By Phil Ammann on January 16, 2014
Florida may create its own IT department to deal exclusively with its consistently troubled $63 million unemployment website.
Department of Economic Opportunity Executive Director Jesse Panuccio spoke to the Senate Transportation, Tourism and Economic Development Appropriations Subcommittee Wednesday to provide legislators an update about the glitch-plagued CONNECT site.
Technology consultants and the U.S. Department of Labor will be called in to examine the problem, reports Jim Turner of the News Service of Florida.
Sen. Jeremy Ring floated the idea to Senate President Don Gaetz of developing a state Internet technology department, saying he has plans to prepare legislation in the next week or so.
“We’re a $70 billion business without a chief information officer. We have no IT abilities whatsoever in this state. We can’t be surprised that this is the case,” said Ring, a former executive for Yahoo. “We need to have experts if we’re going to release projects of this size.”
Creating a Department of State Technology is not a new concept. The idea first came about during the 2013 legislative session when the Senate unanimously supported an IT bill; it eventually died in the budget conference.
That proposal called for $5 million to hire 24 full-time workers during the first year of operation, according to a Senate analysis.
Ring’s proposal comes as the Department of Economic Opportunity imposes continuing fines of $15,000 per day against Deloitte Consulting, the firm responsible for the CONNECT system. The DEO is also holding back $3 million in payments to the Minnesota-based company for failing to provide a “fully functioning” system.
Florida has begun to hire as many as 330 workers over the next couple of months to help process unemployment-benefit applications, costing an estimated $164,700 weekly. Federal administrative funds will be used, in addition to money recouped from Deloitte, Panuccio told the News Service.
U.S. Sen. Bill Nelson announced on Tuesday that he requested U.S. Department of Labor staff to go to Florida by week’s end and monitor CONNECT’s problems. A 20 percent decrease in unemployment claims was reported since the system went live Oct. 15, according to federal numbers.
Gov. Rick Scott criticized Nelson over the federal intervention, but Panuccio maintained his department’s sole focus is getting the system functioning.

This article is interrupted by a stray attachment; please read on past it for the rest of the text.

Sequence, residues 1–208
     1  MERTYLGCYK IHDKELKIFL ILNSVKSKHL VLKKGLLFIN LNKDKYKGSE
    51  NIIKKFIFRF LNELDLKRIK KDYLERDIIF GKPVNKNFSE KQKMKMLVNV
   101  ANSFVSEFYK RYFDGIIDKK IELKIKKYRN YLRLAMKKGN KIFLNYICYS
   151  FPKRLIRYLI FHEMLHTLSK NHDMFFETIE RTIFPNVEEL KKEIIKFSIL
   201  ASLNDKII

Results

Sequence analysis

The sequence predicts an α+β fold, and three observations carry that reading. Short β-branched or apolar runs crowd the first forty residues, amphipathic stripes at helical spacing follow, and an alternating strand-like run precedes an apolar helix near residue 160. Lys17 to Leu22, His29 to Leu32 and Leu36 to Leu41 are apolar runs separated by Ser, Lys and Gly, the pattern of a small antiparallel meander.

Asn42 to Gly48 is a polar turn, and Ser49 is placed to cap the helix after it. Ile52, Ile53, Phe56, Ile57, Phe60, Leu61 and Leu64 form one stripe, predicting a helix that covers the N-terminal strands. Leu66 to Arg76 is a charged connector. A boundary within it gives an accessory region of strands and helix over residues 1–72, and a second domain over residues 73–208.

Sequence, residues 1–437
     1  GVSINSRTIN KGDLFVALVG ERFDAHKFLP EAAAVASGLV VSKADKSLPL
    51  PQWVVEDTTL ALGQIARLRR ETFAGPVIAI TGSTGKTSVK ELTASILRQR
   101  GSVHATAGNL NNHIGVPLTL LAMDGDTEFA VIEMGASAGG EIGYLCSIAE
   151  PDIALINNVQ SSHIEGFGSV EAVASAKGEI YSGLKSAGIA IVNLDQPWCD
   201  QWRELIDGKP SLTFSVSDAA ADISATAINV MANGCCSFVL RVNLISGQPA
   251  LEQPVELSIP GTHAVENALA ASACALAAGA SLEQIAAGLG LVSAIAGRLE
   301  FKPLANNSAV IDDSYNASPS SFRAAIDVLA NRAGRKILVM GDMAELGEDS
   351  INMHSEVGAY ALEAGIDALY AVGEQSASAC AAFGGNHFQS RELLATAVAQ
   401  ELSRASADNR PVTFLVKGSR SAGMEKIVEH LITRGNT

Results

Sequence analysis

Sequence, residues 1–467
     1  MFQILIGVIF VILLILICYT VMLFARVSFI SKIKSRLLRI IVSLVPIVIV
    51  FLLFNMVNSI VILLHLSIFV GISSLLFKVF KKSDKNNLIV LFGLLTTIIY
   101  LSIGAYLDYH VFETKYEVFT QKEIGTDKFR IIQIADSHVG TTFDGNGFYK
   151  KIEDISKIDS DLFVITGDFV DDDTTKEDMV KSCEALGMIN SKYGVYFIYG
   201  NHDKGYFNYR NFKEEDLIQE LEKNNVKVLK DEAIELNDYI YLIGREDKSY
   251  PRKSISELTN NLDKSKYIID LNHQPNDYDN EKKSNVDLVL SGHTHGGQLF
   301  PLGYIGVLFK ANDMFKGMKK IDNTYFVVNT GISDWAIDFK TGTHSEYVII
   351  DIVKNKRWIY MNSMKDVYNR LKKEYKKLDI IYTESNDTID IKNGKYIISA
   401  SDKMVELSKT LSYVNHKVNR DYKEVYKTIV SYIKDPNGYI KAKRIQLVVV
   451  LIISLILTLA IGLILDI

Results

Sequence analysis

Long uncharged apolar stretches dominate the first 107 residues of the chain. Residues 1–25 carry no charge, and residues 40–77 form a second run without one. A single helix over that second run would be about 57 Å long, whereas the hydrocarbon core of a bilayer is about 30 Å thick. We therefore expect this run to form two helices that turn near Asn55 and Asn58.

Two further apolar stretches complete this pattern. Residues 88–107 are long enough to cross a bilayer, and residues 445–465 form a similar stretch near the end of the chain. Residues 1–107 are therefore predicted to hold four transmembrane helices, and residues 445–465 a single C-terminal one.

“What we’re doing right now, the most important thing we’re focused on, is every possible way to get things fixed and getting claims paid,” Panuccio told the Senate committee. “Down the road we’ll continue to discuss ways we can continue to recoup costs.”
Panuccio’s comments were not the same as what he said Nov. 4 to the Senate Commerce and Tourism Committee, when he assured them his office would fix “glitches” in the new system by the end of the year.
On Wednesday, News Service reports, the DEO finalized a $365,000 deal with Capgemini, a Paris-based consulting firm, to examine CONNECT.
“Deloitte’s stabilization of the adjudication function and other systems did not occur as we had expected,” Panuccio added.
Deloitte insists they completed the work as outlined in its contract, and CONNECT exceeded the capacity of the system it replaced. Panuccio disagrees.
“Deloitte does not dispute the list of defects we’ve given them. They don’t dispute that those things are broken. What they will dispute is how we characterize it under the contract,” Panuccio said. “The point is those pieces of functionality still aren’t working.”
Prior to the meeting, Sen. Geraldine Thompson and Rep. Lori Berman demanded Deloitte refund money to taxpayers.
Some people have spent more than nine weeks trying to get help to prepare for unemployment checks that are as much as $275 a week, said Thompson. She added that there were more than $20 million in denied benefits due to problems with CONNECT, as estimated by the non-profit National Employment Law Project.
“For someone who is unemployed, who has no means of income, this is the difference between hanging on to a lifeline and actually being pushed into the ranks of those who are impoverished,” said Thompson.
She also noted Deloitte paid $4.5 million in 2012 for delays to the state system, in addition to other unrelated problems in rollouts of other multimillion-dollar government websites in California, Pennsylvania and Massachusetts.
CONNECT had been in the planning stages since 2009, as the replacement for the 30-year-old system jobless Floridians used to claim weekly benefits, request information and monitor accounts.